Even with former Mayor Bill de Blasio now out of the race, there’s a crowded left lane to represent New York’s 10th Congressional District, the open seat in Lower Manhattan and brownstone Brooklyn.

And because the lane is not clearly defined, several candidates are claiming the progressive mantle.

“There is only one progressive candidate in this race with a track record of actually delivering progressive results in the United States Congress,” said Rep. Mondaire Jones, who moved into the district from the Hudson Valley, where he currently serves.

“People are really looking for a fighter, someone who understands what it means to live in a community that has been historically underrepresented,” said City Council member Carlina Rivera.

And Assemblywoman Jo Anne Simon touted her “record of being consistently progressive for many years. Nobody was taking on the Brooklyn machine in 2004. I was.”

Jones, far and away the fundraiser leader of the primary, is endorsed by the New York Progressive Action Network and the Retail Wholesale and Department Store Union.

Rivera is backed by the health care union 1199 SEIU and Brooklyn Rep. Nydia Velázquez.

Simon is the choice of several independent progressive political clubs.

The trio, along with and de Blasio, had sought the support of the left-leaning Working Families Party, which ultimately picked Manhattan Assemblywoman Yuh-Line Niou.

Niou described working “though a racial justice lens, disability lens, social-economic justice lens, environmental justice lens.”

Trailblazing former Rep. Liz Holtzman is another NY-10 candidate who identifies as progressive.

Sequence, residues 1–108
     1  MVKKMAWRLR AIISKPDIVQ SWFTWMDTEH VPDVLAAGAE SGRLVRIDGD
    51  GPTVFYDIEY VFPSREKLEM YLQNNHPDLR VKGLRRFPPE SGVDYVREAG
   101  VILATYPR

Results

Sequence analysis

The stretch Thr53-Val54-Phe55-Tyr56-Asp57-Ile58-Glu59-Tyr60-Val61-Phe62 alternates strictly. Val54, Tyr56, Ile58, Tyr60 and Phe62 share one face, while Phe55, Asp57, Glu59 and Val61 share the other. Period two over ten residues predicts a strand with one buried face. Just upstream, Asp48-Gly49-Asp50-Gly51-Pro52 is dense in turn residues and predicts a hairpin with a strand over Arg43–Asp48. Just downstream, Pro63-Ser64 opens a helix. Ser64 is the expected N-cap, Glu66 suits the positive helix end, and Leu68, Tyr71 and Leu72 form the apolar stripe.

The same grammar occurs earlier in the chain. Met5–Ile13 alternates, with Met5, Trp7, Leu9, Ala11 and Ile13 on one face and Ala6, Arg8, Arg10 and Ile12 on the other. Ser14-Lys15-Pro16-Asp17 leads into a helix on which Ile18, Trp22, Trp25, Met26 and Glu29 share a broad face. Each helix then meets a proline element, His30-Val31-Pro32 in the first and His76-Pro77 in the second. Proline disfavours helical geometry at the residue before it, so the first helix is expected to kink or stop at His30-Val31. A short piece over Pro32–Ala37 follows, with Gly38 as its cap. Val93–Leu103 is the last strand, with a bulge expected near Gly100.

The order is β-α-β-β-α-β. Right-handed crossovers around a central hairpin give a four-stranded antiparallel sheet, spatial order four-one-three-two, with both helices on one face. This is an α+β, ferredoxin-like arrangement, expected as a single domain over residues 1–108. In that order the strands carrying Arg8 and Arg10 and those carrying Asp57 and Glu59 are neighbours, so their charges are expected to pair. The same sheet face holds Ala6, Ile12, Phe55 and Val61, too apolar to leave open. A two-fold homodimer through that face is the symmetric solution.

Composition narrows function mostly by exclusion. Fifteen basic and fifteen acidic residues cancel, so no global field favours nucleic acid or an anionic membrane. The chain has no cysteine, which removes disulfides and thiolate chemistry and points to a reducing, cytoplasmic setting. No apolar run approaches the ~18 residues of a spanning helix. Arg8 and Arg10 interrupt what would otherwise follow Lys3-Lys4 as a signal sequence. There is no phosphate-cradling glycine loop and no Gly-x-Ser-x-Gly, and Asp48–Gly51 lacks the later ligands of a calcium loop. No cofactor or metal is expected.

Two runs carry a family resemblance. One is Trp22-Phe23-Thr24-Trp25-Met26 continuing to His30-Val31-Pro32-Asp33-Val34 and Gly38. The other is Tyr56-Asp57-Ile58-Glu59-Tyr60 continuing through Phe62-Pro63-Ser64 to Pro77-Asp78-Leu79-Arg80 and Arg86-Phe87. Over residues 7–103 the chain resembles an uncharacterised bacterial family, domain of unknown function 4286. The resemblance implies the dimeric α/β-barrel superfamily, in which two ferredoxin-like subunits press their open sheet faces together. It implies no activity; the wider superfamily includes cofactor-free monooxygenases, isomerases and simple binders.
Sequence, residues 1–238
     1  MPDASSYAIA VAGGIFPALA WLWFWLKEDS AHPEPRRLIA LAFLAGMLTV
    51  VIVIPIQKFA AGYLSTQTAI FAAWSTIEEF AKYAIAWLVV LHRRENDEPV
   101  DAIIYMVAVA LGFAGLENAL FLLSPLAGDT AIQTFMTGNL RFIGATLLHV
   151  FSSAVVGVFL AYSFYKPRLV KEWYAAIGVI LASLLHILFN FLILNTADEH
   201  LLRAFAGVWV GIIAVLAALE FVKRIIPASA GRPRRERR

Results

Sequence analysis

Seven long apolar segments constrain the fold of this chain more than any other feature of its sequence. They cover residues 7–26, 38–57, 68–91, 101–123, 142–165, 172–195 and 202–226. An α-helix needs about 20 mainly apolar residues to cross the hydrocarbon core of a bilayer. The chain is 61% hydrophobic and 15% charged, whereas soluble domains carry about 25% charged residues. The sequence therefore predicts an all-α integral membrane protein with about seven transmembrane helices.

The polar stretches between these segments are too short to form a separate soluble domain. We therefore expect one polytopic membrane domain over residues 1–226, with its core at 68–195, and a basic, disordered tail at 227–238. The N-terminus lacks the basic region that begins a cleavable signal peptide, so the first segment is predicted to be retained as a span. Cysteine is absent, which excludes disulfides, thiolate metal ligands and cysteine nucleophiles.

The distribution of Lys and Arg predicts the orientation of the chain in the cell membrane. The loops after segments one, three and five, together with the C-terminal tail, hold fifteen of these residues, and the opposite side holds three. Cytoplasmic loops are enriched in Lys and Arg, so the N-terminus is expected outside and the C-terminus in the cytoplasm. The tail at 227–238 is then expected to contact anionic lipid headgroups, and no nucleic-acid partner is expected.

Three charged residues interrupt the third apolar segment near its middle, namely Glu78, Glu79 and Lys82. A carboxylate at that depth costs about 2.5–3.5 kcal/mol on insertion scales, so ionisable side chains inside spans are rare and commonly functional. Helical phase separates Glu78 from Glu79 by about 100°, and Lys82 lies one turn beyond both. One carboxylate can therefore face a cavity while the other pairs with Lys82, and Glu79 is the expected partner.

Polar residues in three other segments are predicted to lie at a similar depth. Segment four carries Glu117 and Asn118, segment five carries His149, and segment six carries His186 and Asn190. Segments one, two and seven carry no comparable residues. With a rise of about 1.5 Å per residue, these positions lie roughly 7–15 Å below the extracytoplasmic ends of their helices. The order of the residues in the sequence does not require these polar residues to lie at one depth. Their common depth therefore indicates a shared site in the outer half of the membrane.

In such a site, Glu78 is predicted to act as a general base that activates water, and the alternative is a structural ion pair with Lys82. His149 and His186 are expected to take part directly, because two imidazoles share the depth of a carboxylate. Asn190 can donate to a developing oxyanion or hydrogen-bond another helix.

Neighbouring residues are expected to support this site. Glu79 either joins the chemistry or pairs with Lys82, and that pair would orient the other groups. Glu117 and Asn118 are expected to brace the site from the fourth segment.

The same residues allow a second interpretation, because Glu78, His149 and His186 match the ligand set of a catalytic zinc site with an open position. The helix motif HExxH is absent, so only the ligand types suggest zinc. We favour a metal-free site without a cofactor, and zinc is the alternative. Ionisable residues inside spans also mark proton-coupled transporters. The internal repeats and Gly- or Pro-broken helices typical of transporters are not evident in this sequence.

But a recent poll by the Working Families Party found Niou and Rivera tied as leaders in the field.

“Very important to me is to make sure that we are calling out what’s always needed to be said,” Niou said. “I think it’s important to always lead with authenticity.”

Rivera said, “it’s really about delivering also on the things we are fighting for, and really not letting a few voices be the enemy of the good.”

The race is packed with a dozen Democrats running and, with a month to go until the Aug. 23 primary, it’s gotten acrimonious.

“I’ve got the resources, the grassroots resources, to actually defeat a self-funding millionaire in this race who just came out as anti-abortion or at least supporting restrictions on abortion,” Jones said.

Dan Goldman, who was the House Democrats’ lead counsel for then-President Donald Trump’s first impeachment, said he misspoke on his position on abortion in an interview with Hamodia, a Jewish daily newspaper, and unequivocally supports a woman’s right to choose.

Niou, Rivera and Simon were among the others who called him out.

He is a threat to all their prospects: his war chest is the primary’s second largest.